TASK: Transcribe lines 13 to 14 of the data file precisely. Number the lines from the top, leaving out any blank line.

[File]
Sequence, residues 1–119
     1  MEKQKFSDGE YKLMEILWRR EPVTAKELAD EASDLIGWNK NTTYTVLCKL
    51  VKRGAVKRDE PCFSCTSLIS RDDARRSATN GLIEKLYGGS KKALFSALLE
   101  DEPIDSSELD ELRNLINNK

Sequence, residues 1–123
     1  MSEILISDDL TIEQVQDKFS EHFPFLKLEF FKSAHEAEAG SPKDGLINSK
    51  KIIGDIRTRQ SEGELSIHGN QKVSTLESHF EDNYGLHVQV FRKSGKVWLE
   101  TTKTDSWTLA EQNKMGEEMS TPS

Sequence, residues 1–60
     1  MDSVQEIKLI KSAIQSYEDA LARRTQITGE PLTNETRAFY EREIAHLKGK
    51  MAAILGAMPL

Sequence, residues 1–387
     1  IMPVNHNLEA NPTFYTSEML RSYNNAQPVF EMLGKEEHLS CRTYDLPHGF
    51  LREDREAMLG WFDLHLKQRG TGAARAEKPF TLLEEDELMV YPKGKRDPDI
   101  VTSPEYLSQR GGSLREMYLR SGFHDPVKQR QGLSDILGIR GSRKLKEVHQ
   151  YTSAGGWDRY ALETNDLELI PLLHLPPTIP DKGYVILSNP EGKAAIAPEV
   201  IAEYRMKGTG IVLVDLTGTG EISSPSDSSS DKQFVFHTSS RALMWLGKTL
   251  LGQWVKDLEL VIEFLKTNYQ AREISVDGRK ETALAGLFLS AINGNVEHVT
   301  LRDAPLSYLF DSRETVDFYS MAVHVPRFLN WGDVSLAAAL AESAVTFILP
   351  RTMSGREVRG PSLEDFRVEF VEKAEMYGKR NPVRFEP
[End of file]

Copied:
     1  IMPVNHNLEA NPTFYTSEML RSYNNAQPVF EMLGKEEHLS CRTYDLPHGF
    51  LREDREAMLG WFDLHLKQRG TGAARAEKPF TLLEEDELMV YPKGKRDPDI